•Today, nearly a decade since the memoranda of understanding were inked, and three years after the last wrinkles were ironed out, there is no sign yet of any concrete contract between an American company and the Indian authorities to build a reactor. In 2009, both GE-Hitachi and Toshiba-Westinghouse had begun talks on techno-commercial agreements for six reactors each in India. These commercial contracts were to be the start of the ‘payoff’ for the U.S. that had considerably shifted its stand on non-proliferation to give India the waivers needed, and they were to herald India’s arrival on the global nuclear power stage in return.

•Instead, GE-Hitachi’s plans were shelved after it rejected the Obama-Modi agreement in January 2015, saying GE would not accept the compromise formula on supplier liability. (While others have indicated they would accept the liability offer, none of them has put that on paper.)

•Toshiba-Westinghouse then carried the baton to actualise the India-U.S. civil nuclear deal, but ran into a different storm as both Toshiba and Westinghouse had major financial troubles last year. After a near-bankruptcy, Toshiba jettisoned Westinghouse for just $4.6 billion to a Canadian consortium, a deal that is now expected to be cleared by the end of 2018.

•As the U.S. sends Westinghouse officials to India next week to reopen negotiations, the government must consider all that has changed before deciding to go ahead with the commercial contract. With shifts in global politics, renewable energy technology, the U.S.’s commitment to India, and the supplier’s capacity and ability, it would be ridiculous if India remained steadfast to a deal envisaged a decade ago under very different circumstances.

•To begin with, there are changes in the deal itself. The financial crisis was set off because Westinghouse went into major cost overruns, possibly worth more than $15 billion, in building four AP1000 reactors at two projects in the U.S., the same reactors as the ones meant for India. When work was halted on the Westinghouse projects in South Carolina, the construction was already five years over schedule. India’s past record with Russian projects (the only foreign collaboration operational so far) puts the mean time to construct a reactor here at nine years. This would mean that even if an India-U.S. techno-commercial contract is finally readied in 2019, and the ground breaking begins immediately, it may not see fruition until 2029, a good 20 years after the nuclear agreement was signed. Westinghouse’s new buyers have already pared the business, will not construct the nuclear power project in India, and will only supply reactors and components. In the terrible scenario of a Fukushima-type nuclear accident in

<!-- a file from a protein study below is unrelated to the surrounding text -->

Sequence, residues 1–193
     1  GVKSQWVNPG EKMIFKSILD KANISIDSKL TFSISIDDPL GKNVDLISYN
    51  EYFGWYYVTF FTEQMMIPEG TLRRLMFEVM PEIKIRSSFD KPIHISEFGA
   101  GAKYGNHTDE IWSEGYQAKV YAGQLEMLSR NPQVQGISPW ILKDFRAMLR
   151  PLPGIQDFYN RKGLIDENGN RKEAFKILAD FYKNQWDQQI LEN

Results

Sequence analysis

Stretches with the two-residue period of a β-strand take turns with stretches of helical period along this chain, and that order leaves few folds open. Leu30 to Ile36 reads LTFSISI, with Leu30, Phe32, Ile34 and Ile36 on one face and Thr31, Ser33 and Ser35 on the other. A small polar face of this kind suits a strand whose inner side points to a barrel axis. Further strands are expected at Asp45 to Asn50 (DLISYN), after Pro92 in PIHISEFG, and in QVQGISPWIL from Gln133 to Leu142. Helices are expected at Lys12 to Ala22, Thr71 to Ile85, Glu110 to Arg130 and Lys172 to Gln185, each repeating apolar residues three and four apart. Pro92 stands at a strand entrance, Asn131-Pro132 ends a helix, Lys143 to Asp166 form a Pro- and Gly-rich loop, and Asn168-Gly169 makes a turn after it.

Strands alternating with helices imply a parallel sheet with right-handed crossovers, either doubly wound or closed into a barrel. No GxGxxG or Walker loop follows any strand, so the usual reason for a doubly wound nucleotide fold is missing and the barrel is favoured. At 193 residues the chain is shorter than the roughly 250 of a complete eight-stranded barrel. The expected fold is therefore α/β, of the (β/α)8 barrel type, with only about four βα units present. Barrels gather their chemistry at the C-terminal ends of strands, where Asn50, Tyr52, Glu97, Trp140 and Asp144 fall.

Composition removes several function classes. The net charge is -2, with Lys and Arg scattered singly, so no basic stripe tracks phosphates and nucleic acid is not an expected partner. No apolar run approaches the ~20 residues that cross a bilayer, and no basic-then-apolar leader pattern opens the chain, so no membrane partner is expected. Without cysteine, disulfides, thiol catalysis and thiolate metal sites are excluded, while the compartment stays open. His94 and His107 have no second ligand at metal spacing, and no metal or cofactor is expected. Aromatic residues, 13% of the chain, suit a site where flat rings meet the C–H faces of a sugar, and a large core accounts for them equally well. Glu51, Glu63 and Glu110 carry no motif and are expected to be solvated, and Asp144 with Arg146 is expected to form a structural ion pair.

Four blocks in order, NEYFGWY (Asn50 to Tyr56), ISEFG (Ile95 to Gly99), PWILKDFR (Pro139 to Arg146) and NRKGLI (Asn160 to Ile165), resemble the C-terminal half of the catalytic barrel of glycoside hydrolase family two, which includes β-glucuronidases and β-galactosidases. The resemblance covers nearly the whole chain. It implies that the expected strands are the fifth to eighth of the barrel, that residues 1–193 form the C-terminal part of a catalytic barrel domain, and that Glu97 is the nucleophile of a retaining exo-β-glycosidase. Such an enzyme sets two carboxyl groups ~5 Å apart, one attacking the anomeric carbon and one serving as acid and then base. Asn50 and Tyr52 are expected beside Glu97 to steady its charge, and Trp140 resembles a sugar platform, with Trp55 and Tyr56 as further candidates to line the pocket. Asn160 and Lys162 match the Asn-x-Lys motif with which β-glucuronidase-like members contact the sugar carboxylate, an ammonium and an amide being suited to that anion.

India, this further dilutes the liability that U.S. companies would carry. This was certainly not the future envisioned by those who first negotiated the India-U.S. civil nuclear agreement, and it calls into question whether the agreement, as it stood in January 2015 when Prime Minister Narendra Modi and Mr. Obama made that announcement, is even valid.

The Trump effect

•Second, Donald Trump’s presidency has taken a very sharp turn away from renewable energy, and even the promise of nuclear dollars have dimmed in comparison to the lucre of fossil fuels in America. In his State of the Union address last week, Mr. Trump said that the U.S. has “ended the war on beautiful, clean coal,” and will now mine, export and push oil, gas, coal and shale trade into its foreign outreach. A case in point is the big pitch Mr. Trump made during his meeting with Mr. Modi in Washington last June, which led to Indian orders for both oil and gas shipped from America. As a result, New Delhi may not get the support that the Obama administration had promised both on financing renewable energy projects and in facilitating India-U.S. civil nuclear power deals.

•India has already received a rude shock with the U.S. pulling out of the Paris climate change accord, and from Mr. Trump’s singling out India as a “leading polluter” during his announcement of that decision last year. This, after the Obama administration had browbeaten India into acceding to the Paris accord two months ahead of deadline, by promising to help India reduce its dependence on fossil fuels.

•Third, India’s own requirements from the India-U.S. civil nuclear deal have changed considerably. In May 2017, the Cabinet approved a $11 billion, 7,000 MW construction plan for 10 Indian-made pressurised heavy water reactors (PHWRs). With existing constructions and the current capacity of 6,780 MW, India hopes to have 14,600 MW of nuclear power online by 2024. Even as it makes a push for indigenous nuclear power plants, the Department of Atomic Energy is also advocating PHWRs in more inland sites in Rajasthan, Haryana, Karnataka and Madhya Pradesh, with concerns about too many nuclear projects dotting the southern coastline which lies along tsunami and earthquake faultlines, as the U.S. and French projects are. India has also found much more comfort in its existing agreement with Russia’s Atomstroyexport, that began with the Intergovernmental Agreement for Kudankulam 1 and 2 in 1988, and has kept a slow but steady pace in delivering reactors and operationalising power projects. When asked about India’s new focus for other foreign collaborations, the long-serving Russian Ambassador Alexander Kadakin, who passed away last year, used to reply, “When you see the first nail in the first beam of the first power project built by anyone other than us (Russia), ask me the question again.”